Research

Optical Imaging and Vital Microscopy Core

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About the Core

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The Optical Imaging and Vital Microscopy Core provides state-of-the-art instrumentation and cutting-edge imaging/image analysis tools for the research applications of a broad range of Baylor College of Medicine investigators. This core is dedicated to vital and intravital imaging of cellular processes within cells, intact tissue explants, developing embryos and functioning organs within the live animal. Our users are focused on a variety of applications such as understanding cell migration, optimizing angiogenic therapies, how blood flow influences development and cancer, immune cell recruitment, stem cell-niche interactions and cancer metastasis.

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Microscopy Methods

Description

The following microscopy methods are available through the Optical Imaging and Vital Microscopy Core. View information on each below:

Terms

Fluorescence Microscopy

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Learn more about the cornerstone of our imaging capabilities that can be used with a wide array of sample types.

LightSheet Microscopy

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Learn more about how this novel 3D imaging technology can provide more insight into cleared whole mounts.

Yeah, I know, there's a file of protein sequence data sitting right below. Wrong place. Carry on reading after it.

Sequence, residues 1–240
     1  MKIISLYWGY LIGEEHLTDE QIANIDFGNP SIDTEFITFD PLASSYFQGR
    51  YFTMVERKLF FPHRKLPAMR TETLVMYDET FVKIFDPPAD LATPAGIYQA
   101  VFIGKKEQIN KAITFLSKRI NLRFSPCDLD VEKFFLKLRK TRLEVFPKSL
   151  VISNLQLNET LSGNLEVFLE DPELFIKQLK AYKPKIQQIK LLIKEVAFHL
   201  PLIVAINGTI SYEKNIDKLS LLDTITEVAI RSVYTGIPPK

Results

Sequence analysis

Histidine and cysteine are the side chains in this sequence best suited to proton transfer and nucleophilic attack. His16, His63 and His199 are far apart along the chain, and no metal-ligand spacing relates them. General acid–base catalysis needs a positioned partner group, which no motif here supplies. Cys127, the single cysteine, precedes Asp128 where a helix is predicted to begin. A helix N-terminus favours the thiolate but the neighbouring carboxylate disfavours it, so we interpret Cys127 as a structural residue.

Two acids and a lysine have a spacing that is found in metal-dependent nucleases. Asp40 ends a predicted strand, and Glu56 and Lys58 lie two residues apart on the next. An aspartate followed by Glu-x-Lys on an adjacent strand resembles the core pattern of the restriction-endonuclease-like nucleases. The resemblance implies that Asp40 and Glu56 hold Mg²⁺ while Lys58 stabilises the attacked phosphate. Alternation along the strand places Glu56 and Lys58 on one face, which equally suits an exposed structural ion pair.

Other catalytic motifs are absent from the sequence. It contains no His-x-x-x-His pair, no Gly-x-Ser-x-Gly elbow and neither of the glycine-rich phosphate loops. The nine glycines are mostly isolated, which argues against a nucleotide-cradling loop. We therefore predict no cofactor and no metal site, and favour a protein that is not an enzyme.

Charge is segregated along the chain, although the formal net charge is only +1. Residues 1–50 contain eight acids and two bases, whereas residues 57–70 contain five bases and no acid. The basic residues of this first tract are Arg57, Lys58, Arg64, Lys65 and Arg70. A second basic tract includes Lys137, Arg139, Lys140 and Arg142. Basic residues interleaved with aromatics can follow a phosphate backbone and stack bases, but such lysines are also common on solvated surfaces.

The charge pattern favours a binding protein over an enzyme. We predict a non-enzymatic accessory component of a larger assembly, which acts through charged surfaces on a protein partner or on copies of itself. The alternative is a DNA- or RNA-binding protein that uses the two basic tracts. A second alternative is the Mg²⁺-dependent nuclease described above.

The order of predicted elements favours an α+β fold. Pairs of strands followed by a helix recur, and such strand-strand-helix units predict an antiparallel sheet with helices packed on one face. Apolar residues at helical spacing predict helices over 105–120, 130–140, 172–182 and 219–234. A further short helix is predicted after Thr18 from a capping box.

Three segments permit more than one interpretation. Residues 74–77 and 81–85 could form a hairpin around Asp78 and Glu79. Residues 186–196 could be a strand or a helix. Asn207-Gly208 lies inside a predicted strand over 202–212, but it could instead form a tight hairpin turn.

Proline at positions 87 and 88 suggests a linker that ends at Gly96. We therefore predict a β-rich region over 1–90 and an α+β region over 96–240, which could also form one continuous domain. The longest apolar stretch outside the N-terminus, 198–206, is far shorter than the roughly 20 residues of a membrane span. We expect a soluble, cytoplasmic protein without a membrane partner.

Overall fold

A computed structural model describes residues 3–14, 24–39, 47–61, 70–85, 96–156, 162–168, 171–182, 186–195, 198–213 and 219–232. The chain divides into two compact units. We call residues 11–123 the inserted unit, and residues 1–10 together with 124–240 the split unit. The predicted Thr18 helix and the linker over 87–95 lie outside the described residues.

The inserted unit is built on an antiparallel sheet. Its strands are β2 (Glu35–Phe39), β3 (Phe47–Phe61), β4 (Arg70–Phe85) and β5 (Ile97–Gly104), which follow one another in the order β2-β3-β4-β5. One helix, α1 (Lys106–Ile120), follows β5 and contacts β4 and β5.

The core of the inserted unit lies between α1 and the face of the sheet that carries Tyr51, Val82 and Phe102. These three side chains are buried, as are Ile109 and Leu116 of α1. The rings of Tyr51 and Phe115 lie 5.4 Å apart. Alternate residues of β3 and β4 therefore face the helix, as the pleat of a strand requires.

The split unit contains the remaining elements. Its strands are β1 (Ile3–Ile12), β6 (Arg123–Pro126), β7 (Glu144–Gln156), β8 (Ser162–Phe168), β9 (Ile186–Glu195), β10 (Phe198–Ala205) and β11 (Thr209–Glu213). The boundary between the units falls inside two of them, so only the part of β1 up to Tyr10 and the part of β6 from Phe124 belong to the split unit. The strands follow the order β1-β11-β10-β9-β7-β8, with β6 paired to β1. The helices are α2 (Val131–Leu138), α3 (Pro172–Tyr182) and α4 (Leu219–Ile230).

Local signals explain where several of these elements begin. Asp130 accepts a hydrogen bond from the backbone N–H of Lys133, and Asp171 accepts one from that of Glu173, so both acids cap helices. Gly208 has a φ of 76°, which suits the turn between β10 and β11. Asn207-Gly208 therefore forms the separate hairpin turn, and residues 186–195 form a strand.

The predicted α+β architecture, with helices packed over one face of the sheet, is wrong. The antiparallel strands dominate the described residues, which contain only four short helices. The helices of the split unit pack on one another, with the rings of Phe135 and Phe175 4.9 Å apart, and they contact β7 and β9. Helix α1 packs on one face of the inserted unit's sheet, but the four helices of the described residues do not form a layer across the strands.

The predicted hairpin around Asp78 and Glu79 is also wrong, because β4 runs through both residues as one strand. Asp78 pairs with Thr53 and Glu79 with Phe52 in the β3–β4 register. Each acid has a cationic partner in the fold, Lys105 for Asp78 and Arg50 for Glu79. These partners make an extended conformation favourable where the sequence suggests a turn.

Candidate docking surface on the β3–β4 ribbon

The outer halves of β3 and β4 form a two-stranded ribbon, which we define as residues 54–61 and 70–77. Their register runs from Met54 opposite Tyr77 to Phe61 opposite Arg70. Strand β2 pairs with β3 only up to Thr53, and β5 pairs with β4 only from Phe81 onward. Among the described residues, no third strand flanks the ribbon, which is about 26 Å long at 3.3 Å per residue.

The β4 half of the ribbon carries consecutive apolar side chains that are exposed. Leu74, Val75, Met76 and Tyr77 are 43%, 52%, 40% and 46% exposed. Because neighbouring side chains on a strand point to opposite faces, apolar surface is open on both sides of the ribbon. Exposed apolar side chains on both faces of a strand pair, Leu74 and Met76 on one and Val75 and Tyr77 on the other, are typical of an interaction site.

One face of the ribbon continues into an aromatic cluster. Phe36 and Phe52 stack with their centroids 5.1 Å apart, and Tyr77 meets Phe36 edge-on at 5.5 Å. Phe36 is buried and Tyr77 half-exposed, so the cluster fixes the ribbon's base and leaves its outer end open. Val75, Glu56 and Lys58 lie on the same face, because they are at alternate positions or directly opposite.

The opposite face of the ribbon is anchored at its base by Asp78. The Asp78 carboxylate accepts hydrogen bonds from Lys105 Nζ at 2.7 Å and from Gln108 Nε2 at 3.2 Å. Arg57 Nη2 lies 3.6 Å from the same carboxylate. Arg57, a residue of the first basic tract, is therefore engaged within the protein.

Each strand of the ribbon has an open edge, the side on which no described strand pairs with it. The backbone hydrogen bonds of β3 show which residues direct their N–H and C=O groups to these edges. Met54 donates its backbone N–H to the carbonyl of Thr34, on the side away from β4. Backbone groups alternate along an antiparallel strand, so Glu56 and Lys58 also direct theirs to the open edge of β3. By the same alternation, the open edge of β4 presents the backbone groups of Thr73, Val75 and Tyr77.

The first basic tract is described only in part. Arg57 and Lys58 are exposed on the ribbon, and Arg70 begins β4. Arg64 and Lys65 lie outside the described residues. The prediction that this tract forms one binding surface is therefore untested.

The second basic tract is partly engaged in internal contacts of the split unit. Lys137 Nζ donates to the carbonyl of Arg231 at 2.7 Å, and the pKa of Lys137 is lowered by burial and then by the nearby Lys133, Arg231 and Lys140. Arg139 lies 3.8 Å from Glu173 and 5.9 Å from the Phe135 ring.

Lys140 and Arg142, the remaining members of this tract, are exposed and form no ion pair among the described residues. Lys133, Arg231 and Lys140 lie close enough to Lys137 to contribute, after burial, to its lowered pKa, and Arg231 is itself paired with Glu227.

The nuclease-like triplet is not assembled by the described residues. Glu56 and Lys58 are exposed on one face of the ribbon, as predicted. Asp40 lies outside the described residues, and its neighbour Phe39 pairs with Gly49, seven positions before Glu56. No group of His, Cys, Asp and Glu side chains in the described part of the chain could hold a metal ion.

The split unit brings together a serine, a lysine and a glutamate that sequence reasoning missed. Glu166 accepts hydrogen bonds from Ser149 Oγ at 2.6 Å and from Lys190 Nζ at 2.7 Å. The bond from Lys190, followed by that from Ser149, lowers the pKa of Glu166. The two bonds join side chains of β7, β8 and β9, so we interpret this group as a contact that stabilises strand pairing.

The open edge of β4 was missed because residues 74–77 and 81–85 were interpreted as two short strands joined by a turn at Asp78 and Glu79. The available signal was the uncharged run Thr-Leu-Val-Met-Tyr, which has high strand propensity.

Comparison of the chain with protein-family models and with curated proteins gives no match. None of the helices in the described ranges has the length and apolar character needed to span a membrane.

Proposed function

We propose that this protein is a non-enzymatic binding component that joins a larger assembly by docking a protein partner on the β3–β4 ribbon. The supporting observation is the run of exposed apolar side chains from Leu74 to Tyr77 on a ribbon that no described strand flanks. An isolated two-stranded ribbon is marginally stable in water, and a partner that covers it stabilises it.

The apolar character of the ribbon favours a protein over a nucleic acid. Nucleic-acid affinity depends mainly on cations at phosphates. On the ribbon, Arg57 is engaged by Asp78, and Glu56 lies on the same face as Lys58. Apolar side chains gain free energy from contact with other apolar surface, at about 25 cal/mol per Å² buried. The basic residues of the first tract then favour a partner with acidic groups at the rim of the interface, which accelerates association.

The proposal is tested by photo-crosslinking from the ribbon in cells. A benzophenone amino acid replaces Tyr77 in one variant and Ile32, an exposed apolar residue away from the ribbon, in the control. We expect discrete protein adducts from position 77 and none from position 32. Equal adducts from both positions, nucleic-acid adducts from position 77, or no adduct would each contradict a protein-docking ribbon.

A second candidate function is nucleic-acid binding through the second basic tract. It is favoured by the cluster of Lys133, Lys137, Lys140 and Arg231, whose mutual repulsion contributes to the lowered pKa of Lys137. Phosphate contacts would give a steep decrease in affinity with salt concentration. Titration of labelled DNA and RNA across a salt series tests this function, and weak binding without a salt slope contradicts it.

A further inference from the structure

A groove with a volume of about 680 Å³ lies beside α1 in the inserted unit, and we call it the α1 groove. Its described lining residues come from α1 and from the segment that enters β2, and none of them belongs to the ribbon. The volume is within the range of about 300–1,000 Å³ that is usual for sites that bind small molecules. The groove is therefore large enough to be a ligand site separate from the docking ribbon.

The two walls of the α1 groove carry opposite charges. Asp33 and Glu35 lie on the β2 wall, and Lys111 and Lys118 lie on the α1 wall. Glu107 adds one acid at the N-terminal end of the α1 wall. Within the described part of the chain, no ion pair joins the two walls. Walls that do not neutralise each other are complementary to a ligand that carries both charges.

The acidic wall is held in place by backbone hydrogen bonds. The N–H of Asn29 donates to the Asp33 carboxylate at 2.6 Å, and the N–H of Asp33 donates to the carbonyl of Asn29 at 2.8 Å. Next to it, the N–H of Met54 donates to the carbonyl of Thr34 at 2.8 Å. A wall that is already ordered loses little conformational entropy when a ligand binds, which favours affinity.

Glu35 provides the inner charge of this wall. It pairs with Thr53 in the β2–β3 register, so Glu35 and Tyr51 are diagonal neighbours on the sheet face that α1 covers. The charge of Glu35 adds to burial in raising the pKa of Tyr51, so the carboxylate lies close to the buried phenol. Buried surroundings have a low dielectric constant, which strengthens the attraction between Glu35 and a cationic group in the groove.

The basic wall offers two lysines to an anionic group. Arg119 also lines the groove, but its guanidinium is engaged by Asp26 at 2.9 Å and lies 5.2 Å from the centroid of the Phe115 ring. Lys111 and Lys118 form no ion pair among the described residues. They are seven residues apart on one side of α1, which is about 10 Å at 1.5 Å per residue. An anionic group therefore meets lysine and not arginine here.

Confocal Microscopy

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Learn more about how our confocal microscopes can improve your fluorescence images.

Multi-Photon Microscopy

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Learn more about how our 2-Photon microscopes can help you see deeper into intact tissue.

µCT (Micro Computed Tomography)

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Learn more about how μCT technology can generate 3D images from unlabeled samples.

OPT (Optical Projection Tomography)

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Learn more about how our custom built OPT solutions provide fast optical sectioning for biological specimens.

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Need Imaging Services?

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Visit our Services page to learn more about which service level is right for you.

Want to speak with OiVM Staff about your experiment? Fill out our User Request Form using the button below.

User Request Form
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Kevin Roarty and Hongjiang Si
The image this month is a human breast cancer organoid in a collagen-based 3D matrix. The cancer cells (magenta) lack the noncanonical Wnt receptor, Ror2. The protein fibronectin (orange) is up-regulated and assembled by Ror2-deficient tumor cells, triggering the invasion, dissemination and survival of cancer cells during metastatic transit. Nuclei are depicted in gray.
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From the Labs Image of the Month

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The image this month is a human breast cancer organoid in a collagen-based 3D matrix. The image was captured on the Zeiss LSM 880 with Airyscan FAST Confocal Microscope in the Optical Imaging and Vital Microscopy Core at Baylor.

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